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The restaurant at the end of the universe gets into wedding mode

IT will be a wedding feast like no other, at one of the highest and most remote railway stations in Scotland.

Remote CONTROL: The Corrour Station Restaurant and the couple in charge, Lizzie MacKenzie and Ollie Bennet.
Remote CONTROL: The Corrour Station Restaurant and the couple in charge, Lizzie MacKenzie and Ollie Bennet.

The bride and groom will arrive in March to get married on the deserted shores of Loch Ossian on windswept Rannoch Moor, a 20-minute walk from remote Corrour station.

The new operators of the Corrour Station Restaurant, Lizzie MacKenzie and Ollie Bennett, both 22, will welcome them.

The service will be followed by a wedding reception in the restaurant, and the newlyweds' first night of marriage will be spent in the station house.

Ms Mackenzie and Mr Bennett only opened in August but have always planned to offer bed and breakfast in the five-bedroom house attached to the restaurant. Mr Bennett said: "We will start the work after New Year, but it is going to have to be ready for what will be our first wedding party," he said.

Between Rannoch and Tulloch stations on the Glasgow to Forth William line, Corrour can only be accessed by train, on foot or by a rough track, with the nearest public road 17 miles away.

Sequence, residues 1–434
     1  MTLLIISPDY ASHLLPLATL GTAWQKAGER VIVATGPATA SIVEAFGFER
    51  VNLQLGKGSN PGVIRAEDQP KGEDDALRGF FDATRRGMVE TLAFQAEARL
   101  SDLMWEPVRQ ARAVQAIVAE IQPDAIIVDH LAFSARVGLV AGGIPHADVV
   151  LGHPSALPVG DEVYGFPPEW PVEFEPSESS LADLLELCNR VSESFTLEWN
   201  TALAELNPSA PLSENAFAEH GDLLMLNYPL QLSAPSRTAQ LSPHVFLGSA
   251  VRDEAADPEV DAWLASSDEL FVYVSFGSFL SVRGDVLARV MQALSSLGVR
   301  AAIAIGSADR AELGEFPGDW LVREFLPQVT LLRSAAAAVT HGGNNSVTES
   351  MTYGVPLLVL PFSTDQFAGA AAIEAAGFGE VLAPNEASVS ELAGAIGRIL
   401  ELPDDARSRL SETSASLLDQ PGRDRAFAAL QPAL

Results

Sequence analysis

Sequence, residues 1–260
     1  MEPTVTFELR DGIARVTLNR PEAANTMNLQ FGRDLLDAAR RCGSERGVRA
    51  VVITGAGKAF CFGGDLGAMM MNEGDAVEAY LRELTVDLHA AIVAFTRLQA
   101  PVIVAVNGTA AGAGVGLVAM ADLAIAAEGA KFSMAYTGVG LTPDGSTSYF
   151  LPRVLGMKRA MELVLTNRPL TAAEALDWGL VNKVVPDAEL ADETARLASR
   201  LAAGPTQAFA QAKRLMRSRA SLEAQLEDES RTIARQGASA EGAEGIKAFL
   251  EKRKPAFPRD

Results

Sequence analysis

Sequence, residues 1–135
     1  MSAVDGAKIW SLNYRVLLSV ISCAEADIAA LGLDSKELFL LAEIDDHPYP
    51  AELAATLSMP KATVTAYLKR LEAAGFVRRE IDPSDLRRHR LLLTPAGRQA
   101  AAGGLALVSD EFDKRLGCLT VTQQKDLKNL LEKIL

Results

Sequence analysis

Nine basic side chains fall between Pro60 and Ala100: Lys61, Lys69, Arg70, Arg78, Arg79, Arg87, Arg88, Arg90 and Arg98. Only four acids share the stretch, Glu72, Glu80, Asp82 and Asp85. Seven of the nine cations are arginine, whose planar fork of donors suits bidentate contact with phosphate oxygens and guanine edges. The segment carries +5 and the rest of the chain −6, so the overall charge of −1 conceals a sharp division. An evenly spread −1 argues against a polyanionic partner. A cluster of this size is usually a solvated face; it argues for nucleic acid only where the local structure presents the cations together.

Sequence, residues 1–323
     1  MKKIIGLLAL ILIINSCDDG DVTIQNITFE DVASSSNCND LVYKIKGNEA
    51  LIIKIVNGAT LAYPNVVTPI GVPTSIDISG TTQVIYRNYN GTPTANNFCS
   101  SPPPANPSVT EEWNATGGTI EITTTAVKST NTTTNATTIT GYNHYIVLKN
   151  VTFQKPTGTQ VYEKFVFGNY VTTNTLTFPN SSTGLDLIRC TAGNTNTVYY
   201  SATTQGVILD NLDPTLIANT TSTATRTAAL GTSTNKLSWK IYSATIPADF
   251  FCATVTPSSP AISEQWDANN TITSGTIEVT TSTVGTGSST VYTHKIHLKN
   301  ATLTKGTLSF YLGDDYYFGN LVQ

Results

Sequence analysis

But it is where the couple are trying to build a successful business. They had been working in Edinburgh when Ms Mackenzie, who is from the Isle of Seil, south of Oban, heard from an aunt who saw an advert in The Herald from Corrour Estate seeking new tenants for the restaurant.

They opened on August 1 and have been delighted by the flow of customer so far, despite some teething problems.

At the end of June the West Highland rail line was closed after a freight train was derailed by a landslide at Loch Treig.

When the freight wagons were put back on the track they were taken to be stored outside the restaurant.

Mr Bennett said: "These eight big freight wagons were right outside blocking off the entire view of the restaurant from the railway line, which of course provided our main source of business.

"Passengers couldn't see us from the train, so we had various robust conversations with Network Rail and the train company and eventually they were moved, but it was only after more than a month."

Ms Mackenzie said: "We can take 35 at a push and we have had plenty of nights when we have been fully booked.

"Walkers and fishermen come during the day and at night time people come on the train from Fort William. Some come from the hostel two miles away."

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Food and drink

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